YOUR GOVERNMENT: School board gets first look at Salem-Keizer budget with deep cuts

The Salem-Keizer School Board and budget committee will get a first look Tuesday night at a proposed budget for the next school year that will cut hundreds of jobs and millions of dollars.

Superintendent Andrea Castañeda will present the budget in a 6 p.m. committee meeting. The committee includes all seven school board members, plus seven other appointed volunteers.

Following the budget presentation, the school board will meet to vote on several new curriculum adoptions and a contract with Sodexo for school meals.

View the budget committee agenda here and the school board agenda here. Meetings are streamed live on YouTube in English and Spanish.

How to weigh in

The school board and budget committee meet Tuesday, May 7, in the school district boardroom, 2575 Commercial St. S.E. In-person attendance for meetings is capped at 75 people on a first-come, first-seated basis.

You can submit a written comment to the board or sign up to speak live at meetings using this form. The board sets aside 45 minutes for public comments and each speaker is limited to three minutes, with additional time for interpretation. Speakers may be chosen via lottery if more people sign up than there is time available.

The deadline to sign up for live comment or submit written remarks is 3 p.m. the day before the meeting.

Budget presentation

Castañeda has been speaking all school year about the need for deep budget cuts in 2024, but Tuesday evening will offer the first detailed look at her plans.

The school board in April approved a reduction in force, authorizing the elimination of about 400 district jobs, about one-quarter of which were vacant.

Castañeda said at the time the district isn’t planning cuts to music, art, sports, dual language and career education programs, or to security and mental and behavioral health services. 

High school advanced classes and programs won’t be cut either, and special education will see only a few positions eliminated, most of them vacant.

She said the job cuts would include:

  • 15 administrators, most working in district positions, and a few in schools — 13.1% of all district-level administrators, and 4.9% of administrators working in schools.
  • 139 full-time classified jobs, including 71 vacant positions — 4.9% of the district’s classified workforce. Jobs cut include classroom assistants and hours for school health workers.
  • 239 full-time teacher jobs and other licensed positions, 39 of them vacant — 8.8% of the district’s teacher workforce. Jobs cut include 70% of instructional mentors, who mentor teachers at schools, and program associates, teachers who work district-level jobs like curriculum.

The Association of Salem-Keizer Education Support Professionals, the union representing thousands of classroom assistants, bus drivers, custodians and other school workers, is planning a “Rally for Our Jobs” outside the school board meeting starting at 4:30 p.m.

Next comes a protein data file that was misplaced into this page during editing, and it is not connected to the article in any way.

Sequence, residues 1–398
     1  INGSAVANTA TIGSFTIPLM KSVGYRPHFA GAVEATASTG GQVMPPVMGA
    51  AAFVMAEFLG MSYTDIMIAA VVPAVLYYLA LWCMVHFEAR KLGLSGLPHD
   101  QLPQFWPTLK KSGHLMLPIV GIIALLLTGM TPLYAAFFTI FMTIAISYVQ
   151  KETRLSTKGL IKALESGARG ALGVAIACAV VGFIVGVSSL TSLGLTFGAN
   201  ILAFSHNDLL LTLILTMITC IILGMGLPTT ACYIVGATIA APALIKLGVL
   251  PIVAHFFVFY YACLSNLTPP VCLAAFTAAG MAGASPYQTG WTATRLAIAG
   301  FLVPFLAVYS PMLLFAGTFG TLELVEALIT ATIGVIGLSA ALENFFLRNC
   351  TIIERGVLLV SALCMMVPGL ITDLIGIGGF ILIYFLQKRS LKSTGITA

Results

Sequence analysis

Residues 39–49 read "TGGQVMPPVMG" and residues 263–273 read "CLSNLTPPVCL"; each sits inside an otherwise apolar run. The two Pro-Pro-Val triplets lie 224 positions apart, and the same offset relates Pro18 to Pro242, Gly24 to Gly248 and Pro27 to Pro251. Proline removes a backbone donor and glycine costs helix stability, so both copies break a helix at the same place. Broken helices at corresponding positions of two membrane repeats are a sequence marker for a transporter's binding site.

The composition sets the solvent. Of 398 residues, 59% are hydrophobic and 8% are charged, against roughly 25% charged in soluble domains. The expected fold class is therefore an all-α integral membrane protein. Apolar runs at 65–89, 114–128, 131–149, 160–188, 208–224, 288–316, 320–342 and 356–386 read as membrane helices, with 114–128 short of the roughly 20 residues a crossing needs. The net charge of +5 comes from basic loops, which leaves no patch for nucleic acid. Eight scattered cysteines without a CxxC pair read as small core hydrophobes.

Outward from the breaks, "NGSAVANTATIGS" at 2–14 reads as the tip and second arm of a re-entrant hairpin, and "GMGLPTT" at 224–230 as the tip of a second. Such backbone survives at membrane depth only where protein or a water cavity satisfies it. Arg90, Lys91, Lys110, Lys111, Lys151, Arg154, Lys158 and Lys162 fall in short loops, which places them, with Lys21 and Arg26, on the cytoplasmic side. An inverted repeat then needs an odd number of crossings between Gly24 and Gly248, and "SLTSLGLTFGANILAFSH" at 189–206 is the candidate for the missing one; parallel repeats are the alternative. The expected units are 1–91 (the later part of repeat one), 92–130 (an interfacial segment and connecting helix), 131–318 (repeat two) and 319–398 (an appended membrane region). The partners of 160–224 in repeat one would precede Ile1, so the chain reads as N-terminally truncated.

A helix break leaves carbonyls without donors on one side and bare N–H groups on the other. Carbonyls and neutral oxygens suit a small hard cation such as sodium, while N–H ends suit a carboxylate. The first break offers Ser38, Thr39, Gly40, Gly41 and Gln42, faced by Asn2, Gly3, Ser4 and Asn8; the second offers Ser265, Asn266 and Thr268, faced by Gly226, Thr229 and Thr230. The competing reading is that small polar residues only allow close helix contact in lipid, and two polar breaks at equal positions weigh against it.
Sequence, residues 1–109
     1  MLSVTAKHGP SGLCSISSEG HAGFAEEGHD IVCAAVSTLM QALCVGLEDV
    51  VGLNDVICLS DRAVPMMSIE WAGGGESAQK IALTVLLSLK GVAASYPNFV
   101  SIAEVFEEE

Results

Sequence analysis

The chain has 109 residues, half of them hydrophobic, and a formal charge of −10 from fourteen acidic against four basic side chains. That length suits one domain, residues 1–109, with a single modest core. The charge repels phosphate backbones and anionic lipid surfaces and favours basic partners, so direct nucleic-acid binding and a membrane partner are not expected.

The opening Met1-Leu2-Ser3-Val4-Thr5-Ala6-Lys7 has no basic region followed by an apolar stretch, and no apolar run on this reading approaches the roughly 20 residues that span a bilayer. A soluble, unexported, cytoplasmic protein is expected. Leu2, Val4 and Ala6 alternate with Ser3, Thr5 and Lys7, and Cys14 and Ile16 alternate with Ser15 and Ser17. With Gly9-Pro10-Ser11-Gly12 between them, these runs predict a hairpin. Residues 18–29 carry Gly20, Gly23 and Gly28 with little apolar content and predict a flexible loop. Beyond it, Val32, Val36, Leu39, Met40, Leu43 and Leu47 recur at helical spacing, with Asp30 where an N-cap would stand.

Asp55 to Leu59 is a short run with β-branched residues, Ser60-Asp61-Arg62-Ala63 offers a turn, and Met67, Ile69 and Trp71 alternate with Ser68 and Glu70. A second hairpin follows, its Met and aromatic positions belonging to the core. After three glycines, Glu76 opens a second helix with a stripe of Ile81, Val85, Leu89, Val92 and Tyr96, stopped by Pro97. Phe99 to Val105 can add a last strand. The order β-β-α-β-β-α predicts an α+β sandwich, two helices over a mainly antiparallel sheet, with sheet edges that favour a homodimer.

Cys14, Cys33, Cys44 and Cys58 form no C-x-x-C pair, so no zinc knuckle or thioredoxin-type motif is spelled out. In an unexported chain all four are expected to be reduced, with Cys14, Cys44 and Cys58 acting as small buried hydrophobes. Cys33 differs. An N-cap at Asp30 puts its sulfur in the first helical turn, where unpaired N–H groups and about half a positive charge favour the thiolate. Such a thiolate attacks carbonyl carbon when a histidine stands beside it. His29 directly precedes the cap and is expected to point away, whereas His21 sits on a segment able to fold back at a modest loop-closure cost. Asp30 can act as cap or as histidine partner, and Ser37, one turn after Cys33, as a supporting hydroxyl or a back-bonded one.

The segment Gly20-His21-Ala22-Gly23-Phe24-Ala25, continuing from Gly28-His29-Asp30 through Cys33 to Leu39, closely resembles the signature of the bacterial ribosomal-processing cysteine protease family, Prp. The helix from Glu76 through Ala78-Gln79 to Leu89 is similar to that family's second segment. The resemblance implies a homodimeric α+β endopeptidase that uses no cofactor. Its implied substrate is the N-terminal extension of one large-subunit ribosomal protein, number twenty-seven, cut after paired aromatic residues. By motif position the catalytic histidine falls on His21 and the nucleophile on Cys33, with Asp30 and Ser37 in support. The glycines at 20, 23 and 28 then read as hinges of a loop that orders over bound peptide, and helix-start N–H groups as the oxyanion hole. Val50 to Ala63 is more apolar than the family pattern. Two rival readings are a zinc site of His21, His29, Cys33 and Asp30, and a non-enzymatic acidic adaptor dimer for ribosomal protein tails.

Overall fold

Curriculum adoptions

Following the budget committee meeting, the school board will vote on adopting five new curricula: high school English language arts, AP literature, AP language, middle school math and English language development for newcomer students.

All curricula have been previously tested through pilots and had open houses for public review and comment, as well as feedback from teachers who teach the relevant subject.

Transportation plan

The board will consider a supplemental transportation plan, which outlines the situations where the school district provides bus service for students who live within school walk zones.

Typically, elementary students who live within 1 mile of school and secondary students within a mile and a half don’t get bus service. But the district can bus students who live closer if it can demonstrate to the state that students can’t reasonably be expected to walk to school because of hazards along the route, like poor visibility, obstructions, a lack of sidewalks and the safety of street crossings.

If the state approves the district’s plan, state money covers 70% of the transportation costs.

The plan identifies about 2,100 district students who live within 72 “hazard zones” where walking to school is too dangerous. The largest number attend schools within Sprague High School and West Salem High School’s feeder areas.

A list of all hazard areas by school and how many students they impact begins on page 24 of the board packet.

School meals contract

The board will consider a one-year contract with Sodexo to provide meals and catering from July 1, 2024. Sodexo is the current food service provider.

The contract guarantees the food company at least $1.5 million from the school district over the year, to be billed based on the number of meals served. Sodexo’s per-meal price is $3.92 in most cases.

Schools in the district provide breakfast and lunch at no cost to students. The costs are mostly paid with dedicated state and federal money.

The contract is part of the consent agenda, which the board typically votes to approve as a group with little or no discussion.

Contact reporter Rachel Alexander: [email protected] or 503-575-1241.

SUPPORT OUR WORK – We depend on subscribers for resources to report on Salem with care and depth, fairness and accuracy. Subscribe today to get our daily newsletters and more. Click I want to subscribe!

Rachel Alexander is Salem Reporter’s managing editor. She joined Salem Reporter when it was founded in 2018 and covers city news, education, nonprofits and a little bit of everything else. She’s been a journalist in Oregon and Washington for a decade. Outside of work, she’s a skater and board member with Salem’s Cherry City Roller Derby and can often be found with her nose buried in a book.